We modified the iiBench benchmark to perform deletions as well as insertions, and compared InnoDB to Tokutek’s Fractal TreeTM storage engine, both running on MySQL 5.1. I’ll post the revised iiBench tarball soon.
Here is what the performance looks like:
The iiBench-with-deletions benchmark works as follows. The benchmark employs a fact table with an autoincremented primary key. First it inserts 250M rows (1000 rows per INSERT statement). Then it treats the fact table as a FIFO: every time it inserts 1000 rows at the end, it deletes 1000 rows from the beginning. The benchmark maintains three indexes as data is inserted and deleted. As usual for iiBench, the three indexes exhibit a lot of entropy (that is, they are essentially random).
In the graph above, the X-axis shows the number of items inserted so far. The Y axis shows the number of insertions per second (insertions/s), where each data point averages a million insertions. The Tokutek engine starts at around 20,000 insertions/s, and slowly drops down to around 15,000 insertions/s after 250M insertions. Then the deletions start executing, and the insertion rate drops to about 5,000 insertions/s. That’s 5,000 insertions plus 5,000 deletions per second. In the Tokutek engine, deletions are about twice as expensive as insertions, which explains the performance change.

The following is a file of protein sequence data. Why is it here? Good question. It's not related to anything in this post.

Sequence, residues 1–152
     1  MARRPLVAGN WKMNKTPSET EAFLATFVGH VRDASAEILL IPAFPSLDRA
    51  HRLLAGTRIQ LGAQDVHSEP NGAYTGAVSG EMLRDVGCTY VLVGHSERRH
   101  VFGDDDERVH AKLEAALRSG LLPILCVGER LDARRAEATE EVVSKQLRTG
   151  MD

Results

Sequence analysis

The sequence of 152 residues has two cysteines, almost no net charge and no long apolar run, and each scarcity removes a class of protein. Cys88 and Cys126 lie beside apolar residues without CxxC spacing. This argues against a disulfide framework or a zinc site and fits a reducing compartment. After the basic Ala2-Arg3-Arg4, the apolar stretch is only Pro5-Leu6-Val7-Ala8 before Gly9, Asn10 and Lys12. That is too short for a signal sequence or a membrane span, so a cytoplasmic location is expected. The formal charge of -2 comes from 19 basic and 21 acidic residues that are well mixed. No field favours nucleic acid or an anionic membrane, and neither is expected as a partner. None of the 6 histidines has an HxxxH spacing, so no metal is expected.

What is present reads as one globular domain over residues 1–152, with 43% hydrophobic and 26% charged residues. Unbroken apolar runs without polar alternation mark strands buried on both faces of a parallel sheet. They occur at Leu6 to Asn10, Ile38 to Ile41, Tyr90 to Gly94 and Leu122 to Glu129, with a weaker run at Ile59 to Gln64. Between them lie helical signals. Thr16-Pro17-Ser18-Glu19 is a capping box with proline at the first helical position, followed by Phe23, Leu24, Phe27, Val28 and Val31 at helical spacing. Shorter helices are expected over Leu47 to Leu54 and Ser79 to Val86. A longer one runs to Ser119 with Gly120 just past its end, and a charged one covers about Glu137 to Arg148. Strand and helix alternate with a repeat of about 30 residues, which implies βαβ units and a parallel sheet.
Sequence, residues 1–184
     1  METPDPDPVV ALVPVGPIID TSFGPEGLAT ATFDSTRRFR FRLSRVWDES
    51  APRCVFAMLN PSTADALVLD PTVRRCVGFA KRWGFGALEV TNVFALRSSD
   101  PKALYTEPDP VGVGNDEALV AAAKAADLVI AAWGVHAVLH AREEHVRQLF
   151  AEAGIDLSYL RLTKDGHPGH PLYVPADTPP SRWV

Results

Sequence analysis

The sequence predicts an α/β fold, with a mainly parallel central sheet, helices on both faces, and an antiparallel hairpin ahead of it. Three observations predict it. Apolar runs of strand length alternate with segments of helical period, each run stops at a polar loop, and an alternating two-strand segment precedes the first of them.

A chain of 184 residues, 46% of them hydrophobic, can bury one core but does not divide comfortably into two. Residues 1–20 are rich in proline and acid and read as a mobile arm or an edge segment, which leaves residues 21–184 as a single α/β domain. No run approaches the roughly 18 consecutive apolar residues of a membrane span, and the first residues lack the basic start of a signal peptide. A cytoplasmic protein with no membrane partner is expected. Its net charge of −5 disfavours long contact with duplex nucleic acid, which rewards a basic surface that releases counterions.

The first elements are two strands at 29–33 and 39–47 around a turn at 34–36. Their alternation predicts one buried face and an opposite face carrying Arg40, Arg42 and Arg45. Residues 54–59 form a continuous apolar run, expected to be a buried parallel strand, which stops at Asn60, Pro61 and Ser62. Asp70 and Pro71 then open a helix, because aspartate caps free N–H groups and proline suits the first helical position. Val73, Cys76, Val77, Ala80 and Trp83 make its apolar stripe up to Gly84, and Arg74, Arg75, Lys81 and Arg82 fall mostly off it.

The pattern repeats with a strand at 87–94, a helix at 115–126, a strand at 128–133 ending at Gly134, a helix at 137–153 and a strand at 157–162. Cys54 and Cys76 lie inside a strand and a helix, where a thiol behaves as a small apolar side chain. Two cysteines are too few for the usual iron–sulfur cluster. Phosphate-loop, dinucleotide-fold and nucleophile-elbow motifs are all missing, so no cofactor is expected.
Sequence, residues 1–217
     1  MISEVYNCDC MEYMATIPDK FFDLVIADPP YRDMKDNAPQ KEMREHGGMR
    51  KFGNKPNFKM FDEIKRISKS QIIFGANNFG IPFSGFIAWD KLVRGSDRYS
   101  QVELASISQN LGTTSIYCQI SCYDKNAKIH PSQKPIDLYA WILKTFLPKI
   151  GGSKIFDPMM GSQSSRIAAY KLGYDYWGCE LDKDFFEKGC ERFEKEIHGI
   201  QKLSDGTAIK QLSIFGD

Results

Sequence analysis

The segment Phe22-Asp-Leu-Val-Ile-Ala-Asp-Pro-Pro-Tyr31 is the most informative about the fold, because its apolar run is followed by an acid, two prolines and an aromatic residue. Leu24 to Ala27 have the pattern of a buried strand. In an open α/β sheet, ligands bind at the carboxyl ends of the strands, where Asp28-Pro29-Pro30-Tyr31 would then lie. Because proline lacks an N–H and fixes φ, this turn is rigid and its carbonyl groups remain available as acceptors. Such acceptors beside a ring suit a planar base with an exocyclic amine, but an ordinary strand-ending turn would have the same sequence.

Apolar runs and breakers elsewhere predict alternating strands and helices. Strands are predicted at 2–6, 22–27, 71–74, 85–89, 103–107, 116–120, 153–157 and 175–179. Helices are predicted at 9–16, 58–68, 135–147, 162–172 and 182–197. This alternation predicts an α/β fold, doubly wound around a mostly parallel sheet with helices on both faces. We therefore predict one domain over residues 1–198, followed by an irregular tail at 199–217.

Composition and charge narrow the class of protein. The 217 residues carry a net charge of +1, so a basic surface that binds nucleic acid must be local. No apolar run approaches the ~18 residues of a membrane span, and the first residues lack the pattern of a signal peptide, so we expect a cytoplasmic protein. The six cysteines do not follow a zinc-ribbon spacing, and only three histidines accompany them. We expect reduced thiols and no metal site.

For InnoDB we have collected only 387M rows so far. For the most recent 10M rows, InnoDB averaged 204 rows/s. Assuming it doesn’t slow down further, it will take about 6 more days to complete 500M rows.
We quit after 500M rows because the Tokutek performance leveled off. For the last 10M rows, Tokutek averaged 5,088 insertions/s, about 25x faster than InnoDB.
We ran iiBench on the same hardware as usual, a Sun x4150, 8 cores @ 3.16GHz, 16GB memory, 6 SAS disk HW RAID 0.
For the insertion-only measurements that I reported last week, after the 1B insertion point, InnoDB was completing 876 insertions/s, and Tokutek was completing 11,220 insertions/s, a ratio of 12.8x.
We added this “fifo-delete” pattern to the benchmark because we frequently meet database users who want to maintain a rolling window of data. For example, one user we talked to wants to maintain the most recent 60 days of data, inserting new data as it arrives, and deleting the old data. Using MyISAM or InnoDB, one way to solve the problem is to partition (shard) the database by time, one partition per day. Sharding is good for insertions and deletions (which can simply drop the partition), but slows cross-date queries.
We believe that a storage engine that can maintain rich indexes while inserting and deleting can provide improved performance and simplify MySQL administration, but that’s a topic for another posting.